News From Nowhere

We did some traveling last week for the first time in two years and I flew for the first time since 2013. On our trip to the in-law’s reunion I was struck by how much of this country is made up of liminal spaces, as if the whole landscape were one long, dead mall corridor leading nowhere.

It’s common to see these vistas as a kind of moral/aesthetic failure rather than the landscape of a capitalist system that has to always be in motion or it will end up in crisis. It’s no coincidence that most of our land is devoted to constant churn, movement and commerce. As David Harvey points out, the first thing that president G.W. Bush suggested we all do before the dust even settled on the World Trade Center was not to stop, contemplate, pray or meditate but to, “Go shopping!” That is, to drive to the mall and spend some money. Capitalism’s need for constant motion results in a landscape that operates like a long, circular airport corridor with no end. The point is the churn not the destination.

It’s shouldn’t be a surprise that in a system based on motion and individualism that the automobile would dominate. For years I fought for better bike infrastructure here in Los Angeles. The enemy was “car-centric planning” or so I thought. But we live not in car-centric cities but capitalist cities. Cars are just one more way to build capital. They are, after all, packaged debt that just happens to have an inefficient mode of transit attached to it. We’re all forced into cars because that’s the best way to wring profit out of the transportation sector. For this reason we should never shame people for driving a car because we live in a system that forces us to.

Our airport hotel even had an upscale weed shop in the parking lot.

Denver, where I was visiting the in-laws has many beautiful streets, parks, the stunning Rocky Mountains in the distance (obscured by the fires burning in California) and one hell of a lot of weed shops. To be clear I fully support legalized pot but I can’t help but think that so many people are self medicating to relieve the misery of meaningless low paid work, the anxiety of the pandemic and life in this meaningless corridor leading to nowhere.

It would be a mistake to just go along and accept this world as it is, to think that it’s just a matter of morality or that we can somehow go back to a previous “golden age” way of doing things. As Angela Davis said in a lecture in 2014, “You have to act as if it were possible to radically transform the world. And you have to do it all the time.” Let’s work on exiting this endless corridor.

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17 Comments

  1. Why are low paid jobs necessarily meaningless? Don’t most of them involve helping people? You sound materialistic…

    • Maybe they are, maybe they aren’t. I think his point is likely someone is shilling a product for low wage while the purported proprietor is probably the one reaping all of the benefits.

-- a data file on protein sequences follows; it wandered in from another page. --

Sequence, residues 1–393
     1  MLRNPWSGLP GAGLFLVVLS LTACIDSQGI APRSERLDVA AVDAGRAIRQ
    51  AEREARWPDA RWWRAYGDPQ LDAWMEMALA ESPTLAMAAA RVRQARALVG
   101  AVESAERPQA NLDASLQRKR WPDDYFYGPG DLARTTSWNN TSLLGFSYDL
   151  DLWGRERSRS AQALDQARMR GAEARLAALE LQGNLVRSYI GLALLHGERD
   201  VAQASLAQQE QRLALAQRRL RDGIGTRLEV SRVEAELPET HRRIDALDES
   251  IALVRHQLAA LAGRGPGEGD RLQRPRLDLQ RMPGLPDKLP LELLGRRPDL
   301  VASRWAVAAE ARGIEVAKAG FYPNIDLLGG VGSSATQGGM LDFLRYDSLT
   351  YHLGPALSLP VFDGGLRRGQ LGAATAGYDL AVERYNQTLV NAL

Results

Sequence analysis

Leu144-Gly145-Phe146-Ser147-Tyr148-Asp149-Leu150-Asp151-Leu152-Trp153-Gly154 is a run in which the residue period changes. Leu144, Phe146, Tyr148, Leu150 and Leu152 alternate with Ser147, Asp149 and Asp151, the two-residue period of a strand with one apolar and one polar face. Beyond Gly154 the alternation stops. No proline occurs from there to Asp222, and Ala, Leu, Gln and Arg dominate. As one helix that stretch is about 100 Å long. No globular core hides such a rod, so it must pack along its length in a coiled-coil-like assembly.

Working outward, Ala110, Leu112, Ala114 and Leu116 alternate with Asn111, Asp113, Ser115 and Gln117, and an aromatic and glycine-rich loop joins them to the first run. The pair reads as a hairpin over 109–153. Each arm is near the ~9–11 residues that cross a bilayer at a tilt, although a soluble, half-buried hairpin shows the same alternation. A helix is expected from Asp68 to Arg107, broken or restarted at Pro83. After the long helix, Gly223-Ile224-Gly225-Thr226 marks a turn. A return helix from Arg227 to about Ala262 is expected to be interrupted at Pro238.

• I put a strike through “meaningless” because you are correct that a lot of low-paying jobs are things that are essential–like farm labor, home health care, grocery work etc. I’d also add that in a just society workers would share in the profits and a lot of workers that are now low-paid would would get a substantial raise. In other words home health care workers should make more than, say, marketing executives.

  2. James Kunstler’s “Geography of Nowhere” is a great book that goes into detail about this subject, which is really an existential crisis of our modern souls being subjected to the aesthetics you touch on. Just spent last weekend driving around the Sacramento area, where it’s just large boulevards connecting to large boulevards, obnoxious amounts of traffic lights, (intense amounts of stress as everyone is in a hurry)… all leading to the same-looking shopping areas…jamba juice joints, starbucks, fast food, etc…..we all see it all the time, everywhere. Us regular folks know it exploits low wage workers and the environment, but feel powerless to find an alternative, because the powerful elites that are the ownership class, own it all and see nothing wrong with this arrangement.

    • With the exception of a few, mostly very wealthy areas, most of this country is roads and strip malls. Los Angeles, where I live, is the poster child for terrible sprawl. Like Sacramento, the central part of Denver is really nice but also full of large car-centric high-speed boulevards.

      I was thinking a lot about Kunstler when I wrote this post and very much enjoyed Geography of Nowhere when I read it years ago. In fact, the title of this post is a cheeky and perhaps obscure reference to both Kunstler and William Morris’ book News From Nowhere. But I decided to take a look at where Kuntsler’s at now via his blog and it put into focus the problem I have with him. He’s funny and good at describing the crushing ugliness of the post-WWII landscape but he’s ultimately a Malthusian. The problem in his mind is that there’s just too many poor (lazy?) people gobbling up limited resources and what we need to do is go back to some sort of trad pre-industrial agrarian society. Personally, I think the problem is more that we have the resources to tackle problems like climate change and health care but those resources tend to be overly concentrated in the hands of people like Jeff Bezos who have so much money that they can turn space travel into a personal hobby.